These are the hurdles to
Historians say, the emergence of the nation in the 1800s was a clarion call for liberty, since the interplay of events leading to
There were high hopes that
The great Liberian patriot and academic Edward Wilmot Blyden who immigrated to
The Liberia that finally gained independence in 1847 was a nation still deeply planted in the American South, with plantation minded zealots not quite ready to lead the nation and understand what W. E. B. Dubose would called “…a peculiar sensation, this double-consciousness, this sense of always looking at one's self through the eyes of others, of measuring one's soul by the tape of a world that looks on in amused contempt and pity,” at what was the sad state of governance in Liberia, through out the country's history.
The segregation instituted by the Liberian Republican Party (LRP) which began it all in 1848, gave rise to the dominant True Whig Party (TWP) of darker the skin group, of 1869. The TWP was founded to oppose the LRP (which was mainly composed of the lighter skin settlers), and to wrestle power away; it did and continued the same old segregation, and the abuse of power.
It is also known that beginning in 1980 as the TWP reign of error and terror ended; Samuel Doe came into the picture. His PRC-NDPL, mostly controlled by his henchmen began their horror and havoc persecuting almost everyone, including the various indigenous tribes, until he was kicked out of the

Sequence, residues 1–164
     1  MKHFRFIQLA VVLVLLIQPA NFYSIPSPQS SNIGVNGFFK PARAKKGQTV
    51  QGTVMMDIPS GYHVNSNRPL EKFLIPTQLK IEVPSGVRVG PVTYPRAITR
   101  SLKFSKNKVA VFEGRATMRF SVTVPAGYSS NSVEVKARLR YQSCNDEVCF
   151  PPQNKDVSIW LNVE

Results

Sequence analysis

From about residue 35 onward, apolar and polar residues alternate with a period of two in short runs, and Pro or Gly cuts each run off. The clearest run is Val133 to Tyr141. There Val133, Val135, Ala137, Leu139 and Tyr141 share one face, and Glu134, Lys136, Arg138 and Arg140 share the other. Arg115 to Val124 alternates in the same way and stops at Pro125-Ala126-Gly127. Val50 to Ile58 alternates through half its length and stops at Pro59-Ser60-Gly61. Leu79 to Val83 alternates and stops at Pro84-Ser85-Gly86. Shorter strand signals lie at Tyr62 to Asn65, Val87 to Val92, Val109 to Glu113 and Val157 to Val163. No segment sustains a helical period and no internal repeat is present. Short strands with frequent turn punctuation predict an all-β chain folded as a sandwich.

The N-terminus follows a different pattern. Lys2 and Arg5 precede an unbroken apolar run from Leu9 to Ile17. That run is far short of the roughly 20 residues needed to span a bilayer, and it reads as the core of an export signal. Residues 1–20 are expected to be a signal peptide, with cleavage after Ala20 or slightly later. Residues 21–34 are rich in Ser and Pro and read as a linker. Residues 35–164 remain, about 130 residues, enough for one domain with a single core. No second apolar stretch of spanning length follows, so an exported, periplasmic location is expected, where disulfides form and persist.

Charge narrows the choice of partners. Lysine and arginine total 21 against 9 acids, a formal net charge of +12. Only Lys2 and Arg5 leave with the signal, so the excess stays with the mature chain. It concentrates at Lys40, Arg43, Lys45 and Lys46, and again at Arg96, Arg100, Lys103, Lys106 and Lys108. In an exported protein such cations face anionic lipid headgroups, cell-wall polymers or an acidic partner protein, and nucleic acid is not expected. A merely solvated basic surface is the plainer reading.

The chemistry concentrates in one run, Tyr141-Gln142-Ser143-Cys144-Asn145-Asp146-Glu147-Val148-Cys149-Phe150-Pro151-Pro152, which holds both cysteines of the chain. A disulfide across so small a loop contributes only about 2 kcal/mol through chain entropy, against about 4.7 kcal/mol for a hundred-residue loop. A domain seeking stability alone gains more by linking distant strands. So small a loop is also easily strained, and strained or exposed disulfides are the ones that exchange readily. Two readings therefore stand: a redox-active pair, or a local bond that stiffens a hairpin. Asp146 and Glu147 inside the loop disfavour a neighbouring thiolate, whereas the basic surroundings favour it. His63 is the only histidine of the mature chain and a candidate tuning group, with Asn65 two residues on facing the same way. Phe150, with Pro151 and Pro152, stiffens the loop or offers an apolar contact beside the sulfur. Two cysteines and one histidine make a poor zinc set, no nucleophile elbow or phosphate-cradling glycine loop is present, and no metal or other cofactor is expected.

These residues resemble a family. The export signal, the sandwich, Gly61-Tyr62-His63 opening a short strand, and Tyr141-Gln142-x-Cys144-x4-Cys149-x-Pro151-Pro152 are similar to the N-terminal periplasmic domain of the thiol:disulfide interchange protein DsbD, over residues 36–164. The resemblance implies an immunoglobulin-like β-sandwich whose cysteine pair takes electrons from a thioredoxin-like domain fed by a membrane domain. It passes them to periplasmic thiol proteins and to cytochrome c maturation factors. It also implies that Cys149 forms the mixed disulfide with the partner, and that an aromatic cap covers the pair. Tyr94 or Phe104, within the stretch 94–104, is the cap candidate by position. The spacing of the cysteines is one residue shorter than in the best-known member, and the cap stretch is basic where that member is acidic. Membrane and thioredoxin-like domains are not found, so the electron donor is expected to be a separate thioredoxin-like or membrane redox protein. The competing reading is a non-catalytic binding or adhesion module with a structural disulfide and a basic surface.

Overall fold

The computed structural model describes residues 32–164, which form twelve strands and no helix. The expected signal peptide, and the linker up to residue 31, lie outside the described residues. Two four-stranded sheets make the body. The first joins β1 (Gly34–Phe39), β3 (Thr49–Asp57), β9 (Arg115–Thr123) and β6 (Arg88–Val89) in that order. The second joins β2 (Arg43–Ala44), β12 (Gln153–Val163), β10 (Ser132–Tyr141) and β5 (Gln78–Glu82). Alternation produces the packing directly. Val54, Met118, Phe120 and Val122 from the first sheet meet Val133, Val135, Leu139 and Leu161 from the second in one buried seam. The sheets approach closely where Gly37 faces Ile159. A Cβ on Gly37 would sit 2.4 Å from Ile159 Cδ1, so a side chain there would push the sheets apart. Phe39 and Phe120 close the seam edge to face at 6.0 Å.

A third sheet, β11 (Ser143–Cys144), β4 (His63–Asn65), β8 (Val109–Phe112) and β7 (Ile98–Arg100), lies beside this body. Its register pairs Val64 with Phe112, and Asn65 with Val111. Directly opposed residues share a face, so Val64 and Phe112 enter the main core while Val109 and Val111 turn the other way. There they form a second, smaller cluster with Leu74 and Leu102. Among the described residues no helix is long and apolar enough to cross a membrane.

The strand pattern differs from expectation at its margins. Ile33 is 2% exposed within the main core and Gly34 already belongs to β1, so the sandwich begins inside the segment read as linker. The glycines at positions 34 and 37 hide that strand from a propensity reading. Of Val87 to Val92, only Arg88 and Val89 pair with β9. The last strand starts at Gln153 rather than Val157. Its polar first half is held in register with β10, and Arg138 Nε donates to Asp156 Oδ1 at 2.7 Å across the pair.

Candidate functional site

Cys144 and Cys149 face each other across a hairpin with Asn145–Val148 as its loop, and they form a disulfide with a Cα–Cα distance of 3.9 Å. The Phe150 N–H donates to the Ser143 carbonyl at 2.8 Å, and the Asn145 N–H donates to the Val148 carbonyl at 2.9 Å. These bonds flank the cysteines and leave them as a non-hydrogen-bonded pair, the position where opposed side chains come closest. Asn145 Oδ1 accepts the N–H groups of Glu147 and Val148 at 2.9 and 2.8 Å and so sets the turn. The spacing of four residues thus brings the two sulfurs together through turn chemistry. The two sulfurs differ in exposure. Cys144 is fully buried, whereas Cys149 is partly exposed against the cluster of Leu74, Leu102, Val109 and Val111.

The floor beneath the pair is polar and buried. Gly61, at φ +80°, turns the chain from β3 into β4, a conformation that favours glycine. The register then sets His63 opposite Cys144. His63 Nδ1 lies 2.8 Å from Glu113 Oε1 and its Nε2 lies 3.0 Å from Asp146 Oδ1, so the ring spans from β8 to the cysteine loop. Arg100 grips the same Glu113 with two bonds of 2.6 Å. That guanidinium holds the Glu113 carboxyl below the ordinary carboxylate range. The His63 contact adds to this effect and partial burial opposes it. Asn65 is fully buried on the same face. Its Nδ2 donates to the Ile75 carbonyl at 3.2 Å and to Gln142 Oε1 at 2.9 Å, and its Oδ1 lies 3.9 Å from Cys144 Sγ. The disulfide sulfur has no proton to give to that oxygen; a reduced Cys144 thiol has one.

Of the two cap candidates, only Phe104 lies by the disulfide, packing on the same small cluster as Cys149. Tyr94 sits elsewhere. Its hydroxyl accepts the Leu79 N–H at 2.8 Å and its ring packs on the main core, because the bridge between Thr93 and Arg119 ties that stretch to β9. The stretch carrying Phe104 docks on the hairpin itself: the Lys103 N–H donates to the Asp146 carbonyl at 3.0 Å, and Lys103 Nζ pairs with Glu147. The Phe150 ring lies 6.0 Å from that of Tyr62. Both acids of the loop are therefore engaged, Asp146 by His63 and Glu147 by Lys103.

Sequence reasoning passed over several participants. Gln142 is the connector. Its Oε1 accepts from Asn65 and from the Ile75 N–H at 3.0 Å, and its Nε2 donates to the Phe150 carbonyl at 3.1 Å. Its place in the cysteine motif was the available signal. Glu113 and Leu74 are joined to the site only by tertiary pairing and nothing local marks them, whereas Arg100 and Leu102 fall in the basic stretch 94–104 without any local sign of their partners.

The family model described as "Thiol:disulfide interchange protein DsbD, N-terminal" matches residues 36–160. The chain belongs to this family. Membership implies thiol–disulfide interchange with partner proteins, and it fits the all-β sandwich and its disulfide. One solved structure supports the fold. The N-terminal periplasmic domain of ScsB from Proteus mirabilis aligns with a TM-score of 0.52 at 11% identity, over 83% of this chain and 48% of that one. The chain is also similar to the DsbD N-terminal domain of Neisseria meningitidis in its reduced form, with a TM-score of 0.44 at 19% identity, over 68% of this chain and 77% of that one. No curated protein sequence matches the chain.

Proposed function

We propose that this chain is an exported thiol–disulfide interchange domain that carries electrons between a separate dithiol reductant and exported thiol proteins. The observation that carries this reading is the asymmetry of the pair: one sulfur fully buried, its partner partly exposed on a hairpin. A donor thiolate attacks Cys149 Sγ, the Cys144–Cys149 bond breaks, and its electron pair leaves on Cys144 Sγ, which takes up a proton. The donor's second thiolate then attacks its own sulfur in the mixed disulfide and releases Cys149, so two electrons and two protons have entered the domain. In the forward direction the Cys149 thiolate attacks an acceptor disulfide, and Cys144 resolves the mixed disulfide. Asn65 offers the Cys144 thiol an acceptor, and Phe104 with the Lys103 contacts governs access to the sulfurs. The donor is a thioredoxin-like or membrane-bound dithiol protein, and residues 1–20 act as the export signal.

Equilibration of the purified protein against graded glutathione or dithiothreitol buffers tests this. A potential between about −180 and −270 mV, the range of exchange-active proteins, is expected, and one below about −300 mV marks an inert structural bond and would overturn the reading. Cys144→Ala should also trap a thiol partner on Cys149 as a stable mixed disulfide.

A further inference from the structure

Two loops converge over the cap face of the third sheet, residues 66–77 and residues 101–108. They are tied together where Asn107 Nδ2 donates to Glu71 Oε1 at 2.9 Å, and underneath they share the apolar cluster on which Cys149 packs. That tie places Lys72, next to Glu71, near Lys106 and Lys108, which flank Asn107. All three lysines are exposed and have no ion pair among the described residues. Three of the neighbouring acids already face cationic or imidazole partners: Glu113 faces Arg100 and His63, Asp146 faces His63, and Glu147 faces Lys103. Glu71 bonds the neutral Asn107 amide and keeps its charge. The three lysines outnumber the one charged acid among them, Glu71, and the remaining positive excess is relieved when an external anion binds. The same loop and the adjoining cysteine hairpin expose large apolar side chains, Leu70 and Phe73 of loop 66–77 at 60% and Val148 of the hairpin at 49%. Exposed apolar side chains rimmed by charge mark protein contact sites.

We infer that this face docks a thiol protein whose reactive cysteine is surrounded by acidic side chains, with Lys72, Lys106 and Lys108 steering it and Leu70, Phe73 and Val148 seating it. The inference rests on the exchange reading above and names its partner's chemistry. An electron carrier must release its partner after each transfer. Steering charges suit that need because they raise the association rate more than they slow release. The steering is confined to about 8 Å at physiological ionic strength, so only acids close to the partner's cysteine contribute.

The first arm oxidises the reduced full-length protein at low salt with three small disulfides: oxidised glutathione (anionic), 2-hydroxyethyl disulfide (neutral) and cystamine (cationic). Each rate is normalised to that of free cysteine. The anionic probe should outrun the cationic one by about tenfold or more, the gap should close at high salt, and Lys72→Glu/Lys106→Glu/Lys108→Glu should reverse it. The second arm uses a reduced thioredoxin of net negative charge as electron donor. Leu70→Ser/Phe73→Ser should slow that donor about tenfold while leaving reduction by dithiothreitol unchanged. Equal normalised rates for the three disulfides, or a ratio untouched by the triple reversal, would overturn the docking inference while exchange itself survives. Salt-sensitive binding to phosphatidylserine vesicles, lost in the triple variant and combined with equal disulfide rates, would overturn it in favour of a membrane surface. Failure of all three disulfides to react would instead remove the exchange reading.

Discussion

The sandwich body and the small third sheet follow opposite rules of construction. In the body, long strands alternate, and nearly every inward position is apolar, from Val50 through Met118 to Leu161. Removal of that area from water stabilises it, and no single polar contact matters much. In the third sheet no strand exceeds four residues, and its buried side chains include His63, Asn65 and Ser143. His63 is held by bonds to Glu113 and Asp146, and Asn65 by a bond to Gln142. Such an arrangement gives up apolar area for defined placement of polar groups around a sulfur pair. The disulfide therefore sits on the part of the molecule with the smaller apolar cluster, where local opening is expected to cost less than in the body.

Even in 1919 when Liberia joined western nations ratifying the convention of the League of Nations, a brain child of President Woodrow Wilson, it wasn’t until 1946 that the Liberian state granted suffrage to its so-called indigenous peoples, ninety nine years after it became a sovereign state.
Liberia's first president J.J. Roberts
The opportunities to do right by Liberian leaders through out the nation's history as they governed, have always been wasted, simply put: The settlers’ Americo Liberians True Whig Party (TWP) domination of political power and class which lasted 133 years was followed by the misrule of the Samuel Doe indigenously led People’s Redemption Council (PRC) for ten years.
Fuel is added to the fire when Charles Taylor and his misnamed ‘people popular uprising’ was broached on Christmas Eve of 1989. His 15 years leadership of National Patriotic Front of Liberia (NPFL) and its warring cousins furthered Balkanized the country and ruined mayhem as were never seen in